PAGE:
Walking on a moraine is an activity not for the faint-footed. The terrain moves with nearly every single step, so you have to move constantly, at least through certain sections until you find a small patch of stable ground. The really tricky parts are the slopes that are really just chucks of black ice covered in sand. Trying to walk up is impossible in regular shoes, so you often find yourself constantly weaving and re-navigating.
It’s non-stop up and down, weaving through small troughs, over scree hills and talus slopes and following sandy ridges as you try to make your way to a specific point you might have spotted below. Then when you get there, you make another spot and continue on. Hiking chaos that goes on and on.
Moving quickly, I pushed on, with my trusty Fuji X-T2 slung around my shoulder. The higher I got, the more expansive the moraine seemed to be as it revealed more of its massive self to me. Eventually, got my first glimpse of the ice, but it still seemed so far away. I began to doubt whether I’d be able to reach the ice, but I keep pushing those seeds out of my mind and set my sights on the next hill.
Although routefinding was a challenge, what concerned me more was finding my way back, especially since there is no trail of any kind on this huge disaster pile. Fortunately, as you can see in the picture above, there were definitely some identifiable and rather unforgettable landmarks. Lower down, I even built two cairns that would hopefully keep me on track.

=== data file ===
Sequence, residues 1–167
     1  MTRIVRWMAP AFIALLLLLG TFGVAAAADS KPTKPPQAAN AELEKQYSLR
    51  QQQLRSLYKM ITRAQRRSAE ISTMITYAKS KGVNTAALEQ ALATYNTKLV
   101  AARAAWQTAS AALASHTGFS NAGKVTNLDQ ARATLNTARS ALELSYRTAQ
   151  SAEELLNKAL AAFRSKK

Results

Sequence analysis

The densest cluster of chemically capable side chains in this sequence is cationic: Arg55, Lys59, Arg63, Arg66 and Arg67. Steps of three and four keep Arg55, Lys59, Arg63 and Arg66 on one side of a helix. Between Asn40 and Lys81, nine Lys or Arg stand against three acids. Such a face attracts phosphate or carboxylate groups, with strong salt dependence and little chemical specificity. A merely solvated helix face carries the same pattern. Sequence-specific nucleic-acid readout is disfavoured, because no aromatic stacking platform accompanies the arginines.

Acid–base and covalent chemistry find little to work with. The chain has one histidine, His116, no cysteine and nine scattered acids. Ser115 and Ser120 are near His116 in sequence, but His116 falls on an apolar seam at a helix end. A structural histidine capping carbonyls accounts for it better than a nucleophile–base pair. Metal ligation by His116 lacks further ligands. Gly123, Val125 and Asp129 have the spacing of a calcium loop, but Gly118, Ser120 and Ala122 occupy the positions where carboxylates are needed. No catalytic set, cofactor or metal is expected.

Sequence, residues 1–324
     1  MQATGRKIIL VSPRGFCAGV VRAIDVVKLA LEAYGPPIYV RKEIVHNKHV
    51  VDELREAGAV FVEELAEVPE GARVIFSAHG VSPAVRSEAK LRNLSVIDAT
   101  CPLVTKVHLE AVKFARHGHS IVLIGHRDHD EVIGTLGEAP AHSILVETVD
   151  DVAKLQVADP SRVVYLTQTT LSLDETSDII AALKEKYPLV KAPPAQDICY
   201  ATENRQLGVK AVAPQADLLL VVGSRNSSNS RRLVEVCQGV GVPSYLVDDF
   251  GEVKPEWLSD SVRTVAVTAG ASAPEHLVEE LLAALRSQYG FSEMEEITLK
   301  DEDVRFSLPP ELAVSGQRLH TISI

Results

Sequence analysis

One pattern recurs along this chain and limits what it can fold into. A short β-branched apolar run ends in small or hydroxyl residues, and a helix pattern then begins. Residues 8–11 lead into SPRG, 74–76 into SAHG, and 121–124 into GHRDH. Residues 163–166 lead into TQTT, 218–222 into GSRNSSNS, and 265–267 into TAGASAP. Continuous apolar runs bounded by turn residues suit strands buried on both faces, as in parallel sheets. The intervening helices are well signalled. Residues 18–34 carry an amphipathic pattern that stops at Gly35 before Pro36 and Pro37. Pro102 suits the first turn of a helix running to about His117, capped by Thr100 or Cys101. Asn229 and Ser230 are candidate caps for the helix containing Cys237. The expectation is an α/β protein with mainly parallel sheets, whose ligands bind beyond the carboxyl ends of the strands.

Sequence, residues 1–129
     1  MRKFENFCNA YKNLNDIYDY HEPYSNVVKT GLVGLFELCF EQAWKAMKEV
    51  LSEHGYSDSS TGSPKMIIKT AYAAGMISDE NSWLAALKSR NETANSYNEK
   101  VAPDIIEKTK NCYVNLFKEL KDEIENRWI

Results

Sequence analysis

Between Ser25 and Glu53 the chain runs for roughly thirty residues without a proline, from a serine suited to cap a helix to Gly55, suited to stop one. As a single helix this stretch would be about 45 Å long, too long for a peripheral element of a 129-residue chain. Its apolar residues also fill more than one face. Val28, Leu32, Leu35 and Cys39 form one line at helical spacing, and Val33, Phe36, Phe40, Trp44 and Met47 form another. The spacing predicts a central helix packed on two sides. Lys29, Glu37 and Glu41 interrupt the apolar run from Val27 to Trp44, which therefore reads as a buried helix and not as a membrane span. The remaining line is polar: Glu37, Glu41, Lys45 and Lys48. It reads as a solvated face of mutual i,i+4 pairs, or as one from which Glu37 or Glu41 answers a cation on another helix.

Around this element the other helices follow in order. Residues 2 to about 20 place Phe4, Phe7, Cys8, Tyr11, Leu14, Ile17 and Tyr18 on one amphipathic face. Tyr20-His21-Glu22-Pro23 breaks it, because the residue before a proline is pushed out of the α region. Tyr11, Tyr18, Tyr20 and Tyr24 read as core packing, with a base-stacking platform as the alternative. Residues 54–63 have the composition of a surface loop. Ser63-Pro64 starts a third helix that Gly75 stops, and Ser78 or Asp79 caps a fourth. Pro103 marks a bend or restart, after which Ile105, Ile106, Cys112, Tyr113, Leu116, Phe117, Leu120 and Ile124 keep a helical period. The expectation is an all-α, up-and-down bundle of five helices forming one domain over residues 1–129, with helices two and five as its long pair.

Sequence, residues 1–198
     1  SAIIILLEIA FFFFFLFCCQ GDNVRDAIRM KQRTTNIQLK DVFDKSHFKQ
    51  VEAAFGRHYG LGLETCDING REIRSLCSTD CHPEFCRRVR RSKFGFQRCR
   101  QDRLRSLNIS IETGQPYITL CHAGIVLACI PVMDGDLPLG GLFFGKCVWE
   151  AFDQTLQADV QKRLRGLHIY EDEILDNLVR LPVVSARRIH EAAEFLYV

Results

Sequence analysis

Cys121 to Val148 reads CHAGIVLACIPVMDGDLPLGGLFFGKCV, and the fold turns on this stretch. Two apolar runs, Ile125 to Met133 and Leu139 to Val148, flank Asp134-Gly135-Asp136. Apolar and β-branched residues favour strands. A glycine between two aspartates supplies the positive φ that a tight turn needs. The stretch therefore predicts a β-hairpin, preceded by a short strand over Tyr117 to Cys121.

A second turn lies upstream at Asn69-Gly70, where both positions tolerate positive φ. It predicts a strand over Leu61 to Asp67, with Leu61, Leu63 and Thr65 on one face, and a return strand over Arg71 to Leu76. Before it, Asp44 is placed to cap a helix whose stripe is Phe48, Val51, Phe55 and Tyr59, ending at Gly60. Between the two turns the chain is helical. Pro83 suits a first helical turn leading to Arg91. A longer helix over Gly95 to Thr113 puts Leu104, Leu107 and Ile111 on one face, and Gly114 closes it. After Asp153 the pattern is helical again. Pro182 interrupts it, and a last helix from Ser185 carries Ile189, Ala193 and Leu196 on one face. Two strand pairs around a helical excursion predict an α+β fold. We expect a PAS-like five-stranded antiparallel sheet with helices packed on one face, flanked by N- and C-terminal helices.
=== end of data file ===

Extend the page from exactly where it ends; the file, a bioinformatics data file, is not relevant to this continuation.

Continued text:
Finally, after a long, two-hour slog I got within striking distance to the actual glacier. From there, it was only a short stretch, although the final bit in front of the ice was about 50-yards of mucky, ankle-deep mud that resembled quicksand. It took careful and rather adept rock-hopping to clear this final barrier, and eventually, I stepped foot onto the Triumvirate Glacier.
Fortunately, the lower section of the glacier was relatively flat featureless ice that gradually sloped up towards the first folds and jumbles. I was able to walk a few hundred feet before it got too steep.
By now, it was 9:00PM, so I didn’t have long before I had to turn around. Unslinging my X-T2, I shot a series of photos, alternating between color and black and white. I mostly shot with the XF14mm f/2.8 wide angle lens. As I started my hike back, I turned around and captured some compressed telephoto shots with the XF90mm f/2 lens, even shooting a couple of in-camera panoramas.
The hike back went smoothly, or so to speak. Tromping, running, sliding, skidding, hopping, and mashing your way down a glacial moraine is hardly a smooth process. However, I successfully retraced my path and even passed by my two cairns again before defending the final hill down to the base and beginning the mostly flat walk back to the plane.
Arriving at my little yellow Cessna just over an hour after I left the ice, I started her up, taxied back across the sandbar, waited for the dust from my prop wash to settle, then took off with room to spare. After making a quick circle over the toe of the glacier, to mentally retrace my steps, I turned and began my 40 minute flight back to Anchorage under the color of the setting sun.